Four years after a fire in an illegal Quincy apartment killed a father and his two sons, legislators are pushing to strengthen penalties under the state building codes.
The proposed legislation, the subject of a public hearing at the State House last week, would increase the fine for a landlord renting a dangerous or illegal apartment to as much as $15,000 or 2½ years in jail. A second offense could result in a fine of up to $35,000 or up to five years in state prison.
Current penalties for renting out illegal apartments are a maximum of $300 for each day of the violation.
“We worked very closely with Fire Marshal Stephen Coan’s office to draft something that is tight and enforceable,” Norfolk District Attorney Michael W. Morrissey said in a press release. “And Senator James Timilty was immediately supportive when we asked him to sponsor it.”
At the hearing, legislators showed photos of the home on Robertson Street in Quincy that was gutted by a fire in 2009, taking the lives of Oudah Frawi, 39, and his sons, 1-year-old Frawi and 2-month-old Hassan.
Started by a lamp, the fire made the basement apartment with small windows and one exit a death trap, Morrissey said, with evidence showing the father died trying to carry his sons through the heat and flames. Frawi’s wife, the mother of the children, was the only survivor.
The building had various building-code violations and had exceeded its occupancy limit of four families, instead housing six, said David Traub, spokesman for the district attorney.
“When you take illegal apartments to their unfortunate conclusion . . . this is what can happen,” Traub said.
Two brothers who owned the building, Andy and Jason Huang, were convicted of manslaughter in 2012, and work has continued since to toughen penalties for illegal apartments.
“Manslaughter convictions did not bring those children or their father back,” Morrissey said. “It was important to secure convictions for those crimes, but it is equally important that we move to prevent this from happening again if we can.”
The bill has the support of almost a dozen legislators, including state Senator John F. Keenan and state Representative Bruce J. Ayers, both Quincy Democrats. Filed early this year, the bill needs approval by the Joint Committee on Public Safety and Homeland Security before moving on for further review.
“This unfortunate incident occurred within my legislative district and only emphasizes the need for stronger laws to strengthen the penalties for landlords who put others at risk by renting out illegal, hazardous apartments,” Ayers said in an e-mail. “I fully support this bill and will be working with DA Morrissey and my colleagues in the House of Representatives and state Senate for its passage.”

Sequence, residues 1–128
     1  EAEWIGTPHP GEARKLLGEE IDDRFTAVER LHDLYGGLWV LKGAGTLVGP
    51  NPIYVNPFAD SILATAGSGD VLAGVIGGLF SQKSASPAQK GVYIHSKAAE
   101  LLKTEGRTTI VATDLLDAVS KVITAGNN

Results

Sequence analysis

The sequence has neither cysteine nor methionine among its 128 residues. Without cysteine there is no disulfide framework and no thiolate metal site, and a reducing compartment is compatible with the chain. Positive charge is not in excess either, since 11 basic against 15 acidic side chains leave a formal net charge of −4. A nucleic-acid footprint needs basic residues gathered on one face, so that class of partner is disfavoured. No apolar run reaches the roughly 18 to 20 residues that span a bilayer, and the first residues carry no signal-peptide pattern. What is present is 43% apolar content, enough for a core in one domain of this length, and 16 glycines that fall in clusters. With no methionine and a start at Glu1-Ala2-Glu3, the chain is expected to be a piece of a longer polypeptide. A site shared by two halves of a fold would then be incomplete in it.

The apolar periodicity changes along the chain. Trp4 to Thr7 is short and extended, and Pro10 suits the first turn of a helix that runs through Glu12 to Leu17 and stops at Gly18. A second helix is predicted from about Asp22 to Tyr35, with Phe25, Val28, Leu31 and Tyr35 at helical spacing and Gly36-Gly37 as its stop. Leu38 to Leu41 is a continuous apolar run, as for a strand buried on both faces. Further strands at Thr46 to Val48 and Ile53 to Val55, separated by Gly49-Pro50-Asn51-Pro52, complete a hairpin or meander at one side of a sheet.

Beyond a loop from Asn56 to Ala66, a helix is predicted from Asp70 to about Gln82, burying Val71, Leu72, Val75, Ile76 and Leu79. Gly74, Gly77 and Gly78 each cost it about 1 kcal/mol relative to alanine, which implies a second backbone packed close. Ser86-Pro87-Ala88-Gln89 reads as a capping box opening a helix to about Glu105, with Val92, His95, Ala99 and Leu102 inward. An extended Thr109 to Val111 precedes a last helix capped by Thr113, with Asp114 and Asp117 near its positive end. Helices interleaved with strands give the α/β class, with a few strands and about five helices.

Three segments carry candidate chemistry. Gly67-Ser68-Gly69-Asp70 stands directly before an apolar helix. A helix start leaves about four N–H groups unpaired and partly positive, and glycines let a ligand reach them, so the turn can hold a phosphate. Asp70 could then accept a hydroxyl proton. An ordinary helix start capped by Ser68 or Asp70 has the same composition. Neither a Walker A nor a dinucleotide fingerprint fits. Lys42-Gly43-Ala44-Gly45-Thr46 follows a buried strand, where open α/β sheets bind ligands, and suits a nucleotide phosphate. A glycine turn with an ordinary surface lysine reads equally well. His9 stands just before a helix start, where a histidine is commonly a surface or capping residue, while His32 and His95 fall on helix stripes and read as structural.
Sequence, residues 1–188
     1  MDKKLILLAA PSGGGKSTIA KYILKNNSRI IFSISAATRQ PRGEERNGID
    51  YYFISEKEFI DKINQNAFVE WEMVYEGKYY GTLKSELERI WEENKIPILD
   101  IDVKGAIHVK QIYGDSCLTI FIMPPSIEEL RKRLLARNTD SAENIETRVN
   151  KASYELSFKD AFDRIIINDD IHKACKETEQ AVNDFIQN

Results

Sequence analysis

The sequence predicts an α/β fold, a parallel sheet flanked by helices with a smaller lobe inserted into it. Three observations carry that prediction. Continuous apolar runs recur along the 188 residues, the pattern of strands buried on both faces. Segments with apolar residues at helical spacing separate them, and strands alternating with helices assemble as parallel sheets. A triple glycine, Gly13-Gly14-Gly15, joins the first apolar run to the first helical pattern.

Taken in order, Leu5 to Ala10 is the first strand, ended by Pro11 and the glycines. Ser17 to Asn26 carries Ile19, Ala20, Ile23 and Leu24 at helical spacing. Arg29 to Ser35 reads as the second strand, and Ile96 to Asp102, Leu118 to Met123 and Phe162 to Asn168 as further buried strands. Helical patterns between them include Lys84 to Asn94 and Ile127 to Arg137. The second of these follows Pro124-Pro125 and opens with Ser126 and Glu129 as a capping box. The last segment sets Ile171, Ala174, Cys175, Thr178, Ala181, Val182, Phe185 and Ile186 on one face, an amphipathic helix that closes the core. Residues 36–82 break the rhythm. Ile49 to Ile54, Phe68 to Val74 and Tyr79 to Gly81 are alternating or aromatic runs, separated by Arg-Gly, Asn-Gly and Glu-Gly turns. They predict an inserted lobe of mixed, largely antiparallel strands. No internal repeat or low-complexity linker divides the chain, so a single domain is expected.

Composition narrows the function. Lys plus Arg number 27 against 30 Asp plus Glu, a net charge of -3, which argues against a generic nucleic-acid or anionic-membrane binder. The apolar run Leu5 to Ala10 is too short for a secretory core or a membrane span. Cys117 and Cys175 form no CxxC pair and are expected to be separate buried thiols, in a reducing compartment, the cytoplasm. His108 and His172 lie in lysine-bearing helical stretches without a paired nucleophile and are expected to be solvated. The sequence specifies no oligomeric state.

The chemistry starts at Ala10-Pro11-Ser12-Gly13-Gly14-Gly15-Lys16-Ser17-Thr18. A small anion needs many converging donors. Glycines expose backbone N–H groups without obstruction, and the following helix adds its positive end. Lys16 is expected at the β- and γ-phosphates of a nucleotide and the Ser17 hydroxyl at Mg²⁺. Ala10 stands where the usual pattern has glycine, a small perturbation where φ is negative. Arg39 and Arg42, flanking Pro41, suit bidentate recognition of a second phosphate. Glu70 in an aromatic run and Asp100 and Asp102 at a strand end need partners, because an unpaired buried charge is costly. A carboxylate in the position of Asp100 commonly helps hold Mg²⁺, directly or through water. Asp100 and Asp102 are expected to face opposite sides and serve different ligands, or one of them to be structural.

The legislation would not only increase the penalties, but also streamline how the state prosecutes stubborn landlords.
Currently, building violations are addressed at the local level. If landlords do not correct the violations, an enforcement officer can apply for a municipal code violation complaint in district court. But the district court must use each municipal code’s rules to find fault.
“What might sustain a violation in Braintree or Weymouth might be insufficient in Milton or Quincy, or the other way around,” Morrissey said. “Creating a section in the General Laws with clearly defined elements, fixed definitions, and statewide application will provide a tool that can be used effectively to safeguard the public.”
Quincy District Court sees about 12 cases a year related to illegal apartments, but may see more under the changes proposed in the current bill, Traub said.
This would include such problems as building-code violations, buildings that exceed or do not have occupancy permits, houses that have blocked access for entry and egress, and homes that lack adequate fire-suppression or fire-warning systems.
Traub added that illegal apartment violations would become a separate category, rather than coming under the umbrella of municipal ordinance violations. Currently, that category includes such offenses as leaf blowing during proscribed hours.
Quincy building inspector Jay Duca said the law is at its weakest in treating illegal apartments, and he said he is pleased to see the state take a leadership role on the issue.
“We need new legislation with more consistent guidelines,” Duca said. “Every community is using their own technique in how they deal with these. You really need to have the state have something consistent and something we can all follow.”
Duca said he hopes legislators will eventually allow municipalities to put liens on buildings to help collect the fines.